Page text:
• Sailing Against Conventional Wisdom

    06/29/2010 9:28:32 PM PDT · by Palter · 13 replies
    WSJ ^ | 12 Feb 2010 | DALYA ALBERGE
    Author Gavin Menzies Is Determined to Prove That Minoans Discovered the New World 4,000 Years Ago It takes a brave soul to rewrite history by sailing against current thought. More than 500 years after Christopher Columbus "discovered" America, another seaman is doing just that, entering previously uncharted academic waters with claims that other "Europeans" -- the Minoans -- got there first, thousands of years earlier. Gavin Menzies, 72 years old, is drawing on his experience as a former British Royal Navy submarine commander to prove in a book he is writing that the Minoans were such supreme seafarers that they...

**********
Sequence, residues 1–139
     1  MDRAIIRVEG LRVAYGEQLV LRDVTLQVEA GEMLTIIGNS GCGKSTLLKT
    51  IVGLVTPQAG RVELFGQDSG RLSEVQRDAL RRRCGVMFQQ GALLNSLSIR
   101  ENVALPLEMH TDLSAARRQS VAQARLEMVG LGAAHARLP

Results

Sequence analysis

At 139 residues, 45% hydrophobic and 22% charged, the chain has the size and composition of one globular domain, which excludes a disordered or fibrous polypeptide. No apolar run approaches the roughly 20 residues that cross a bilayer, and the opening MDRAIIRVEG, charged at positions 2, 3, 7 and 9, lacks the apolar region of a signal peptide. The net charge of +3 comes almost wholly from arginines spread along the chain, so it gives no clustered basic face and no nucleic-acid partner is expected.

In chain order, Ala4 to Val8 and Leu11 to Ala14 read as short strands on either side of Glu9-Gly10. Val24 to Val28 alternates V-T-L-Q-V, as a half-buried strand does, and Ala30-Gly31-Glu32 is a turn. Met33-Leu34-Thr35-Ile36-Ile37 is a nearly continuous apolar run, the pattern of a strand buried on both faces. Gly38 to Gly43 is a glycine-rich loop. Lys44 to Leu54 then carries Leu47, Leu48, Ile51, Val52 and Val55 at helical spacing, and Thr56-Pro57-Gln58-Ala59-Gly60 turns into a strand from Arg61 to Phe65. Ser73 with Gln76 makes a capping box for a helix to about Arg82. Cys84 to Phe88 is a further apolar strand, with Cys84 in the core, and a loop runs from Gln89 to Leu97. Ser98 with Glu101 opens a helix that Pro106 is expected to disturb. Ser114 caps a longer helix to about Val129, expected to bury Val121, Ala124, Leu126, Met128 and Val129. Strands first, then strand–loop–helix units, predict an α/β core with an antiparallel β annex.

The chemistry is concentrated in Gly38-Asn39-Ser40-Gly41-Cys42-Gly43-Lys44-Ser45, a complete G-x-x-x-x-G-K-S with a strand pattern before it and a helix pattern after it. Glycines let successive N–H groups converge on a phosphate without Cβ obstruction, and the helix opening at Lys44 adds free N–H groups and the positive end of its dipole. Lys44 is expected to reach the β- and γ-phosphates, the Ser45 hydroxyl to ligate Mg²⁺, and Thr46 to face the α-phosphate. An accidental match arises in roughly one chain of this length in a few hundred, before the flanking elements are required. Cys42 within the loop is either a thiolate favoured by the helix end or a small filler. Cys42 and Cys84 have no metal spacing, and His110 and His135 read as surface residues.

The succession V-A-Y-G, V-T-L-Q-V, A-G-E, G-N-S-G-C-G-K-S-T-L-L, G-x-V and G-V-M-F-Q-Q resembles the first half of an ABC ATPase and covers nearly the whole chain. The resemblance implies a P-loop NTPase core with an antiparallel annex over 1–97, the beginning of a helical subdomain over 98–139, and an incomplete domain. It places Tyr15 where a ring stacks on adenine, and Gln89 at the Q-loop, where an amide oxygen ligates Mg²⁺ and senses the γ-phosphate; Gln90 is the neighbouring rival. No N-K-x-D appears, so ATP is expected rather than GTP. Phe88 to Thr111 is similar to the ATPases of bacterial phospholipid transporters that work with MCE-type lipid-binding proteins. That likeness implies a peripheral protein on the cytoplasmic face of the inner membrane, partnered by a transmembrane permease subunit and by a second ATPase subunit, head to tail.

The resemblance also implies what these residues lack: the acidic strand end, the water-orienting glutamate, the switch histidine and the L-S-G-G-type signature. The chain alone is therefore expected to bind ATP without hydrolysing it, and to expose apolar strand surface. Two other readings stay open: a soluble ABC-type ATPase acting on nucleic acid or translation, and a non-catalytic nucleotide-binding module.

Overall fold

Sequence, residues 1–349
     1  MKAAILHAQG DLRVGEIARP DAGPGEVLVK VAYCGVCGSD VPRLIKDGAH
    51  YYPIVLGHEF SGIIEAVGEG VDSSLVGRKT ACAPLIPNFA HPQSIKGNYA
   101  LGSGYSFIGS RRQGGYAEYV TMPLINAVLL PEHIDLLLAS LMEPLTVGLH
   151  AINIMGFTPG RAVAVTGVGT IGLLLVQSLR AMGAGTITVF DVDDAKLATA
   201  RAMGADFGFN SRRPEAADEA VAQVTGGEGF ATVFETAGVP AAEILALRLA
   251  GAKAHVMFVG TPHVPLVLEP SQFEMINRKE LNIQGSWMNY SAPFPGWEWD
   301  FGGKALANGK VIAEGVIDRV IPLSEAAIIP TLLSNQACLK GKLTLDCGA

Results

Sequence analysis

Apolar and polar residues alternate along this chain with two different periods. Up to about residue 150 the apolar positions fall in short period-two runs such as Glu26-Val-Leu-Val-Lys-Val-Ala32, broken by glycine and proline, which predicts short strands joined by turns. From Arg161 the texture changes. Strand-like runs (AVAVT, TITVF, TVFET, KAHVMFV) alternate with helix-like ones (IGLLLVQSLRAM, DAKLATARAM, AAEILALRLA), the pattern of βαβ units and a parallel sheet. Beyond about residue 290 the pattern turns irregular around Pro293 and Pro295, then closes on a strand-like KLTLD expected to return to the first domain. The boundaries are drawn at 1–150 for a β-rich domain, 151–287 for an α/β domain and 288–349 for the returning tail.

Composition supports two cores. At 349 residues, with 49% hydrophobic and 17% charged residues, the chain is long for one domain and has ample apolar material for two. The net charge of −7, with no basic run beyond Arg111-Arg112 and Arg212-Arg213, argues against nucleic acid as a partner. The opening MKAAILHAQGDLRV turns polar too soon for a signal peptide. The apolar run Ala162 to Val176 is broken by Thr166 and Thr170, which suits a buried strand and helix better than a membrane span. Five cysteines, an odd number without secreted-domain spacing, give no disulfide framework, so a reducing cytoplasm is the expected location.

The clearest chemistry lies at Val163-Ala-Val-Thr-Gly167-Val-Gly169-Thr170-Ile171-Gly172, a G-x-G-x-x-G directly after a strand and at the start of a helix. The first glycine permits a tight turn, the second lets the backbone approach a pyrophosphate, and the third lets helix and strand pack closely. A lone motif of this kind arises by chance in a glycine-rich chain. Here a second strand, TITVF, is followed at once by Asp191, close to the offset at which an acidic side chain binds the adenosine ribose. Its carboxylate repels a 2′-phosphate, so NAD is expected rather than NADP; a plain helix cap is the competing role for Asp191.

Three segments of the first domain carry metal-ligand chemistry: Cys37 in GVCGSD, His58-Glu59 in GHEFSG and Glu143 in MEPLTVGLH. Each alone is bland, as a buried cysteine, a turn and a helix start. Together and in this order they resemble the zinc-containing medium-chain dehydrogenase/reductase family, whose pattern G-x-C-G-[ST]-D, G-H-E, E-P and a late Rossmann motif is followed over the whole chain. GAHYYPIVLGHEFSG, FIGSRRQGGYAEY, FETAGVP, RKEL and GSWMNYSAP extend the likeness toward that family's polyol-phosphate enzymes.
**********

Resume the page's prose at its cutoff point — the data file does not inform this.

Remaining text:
• The map that changed the world[Waldseemuller Map]

    10/29/2009 9:31:34 PM PDT · by BGHater · 9 replies · 1,341+ views
    BBC ^ | 28 Oct 2009 | BBC
    Drawn half a millennium ago and then swiftly forgotten, one map made us see the world as we know it today... and helped name America. But, as Toby Lester has discovered, the most powerful nation on earth also owes its name to a pun. Almost exactly 500 years ago, in 1507, Martin Waldseemuller and Matthias Ringmann, two obscure Germanic scholars based in the mountains of eastern France, made one of the boldest leaps in the history of geographical thought - and indeed in the larger history of ideas. Near the end of an otherwise plodding treatise titled Introduction to Cosmography,...